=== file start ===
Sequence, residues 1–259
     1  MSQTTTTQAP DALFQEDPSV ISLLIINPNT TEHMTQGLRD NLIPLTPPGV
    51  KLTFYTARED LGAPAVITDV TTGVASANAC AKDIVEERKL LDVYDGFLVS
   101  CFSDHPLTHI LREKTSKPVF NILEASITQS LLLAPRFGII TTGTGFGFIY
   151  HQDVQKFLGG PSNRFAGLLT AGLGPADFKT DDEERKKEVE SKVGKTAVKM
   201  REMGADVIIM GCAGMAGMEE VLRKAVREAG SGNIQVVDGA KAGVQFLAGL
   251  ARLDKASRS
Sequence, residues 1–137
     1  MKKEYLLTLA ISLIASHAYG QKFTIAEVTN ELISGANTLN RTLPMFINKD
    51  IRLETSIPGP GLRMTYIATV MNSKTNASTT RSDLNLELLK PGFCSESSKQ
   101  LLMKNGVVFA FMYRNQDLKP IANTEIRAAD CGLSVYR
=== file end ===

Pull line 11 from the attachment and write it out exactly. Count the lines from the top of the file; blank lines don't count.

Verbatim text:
   101  LLMKNGVVFA FMYRNQDLKP IANTEIRAAD CGLSVYR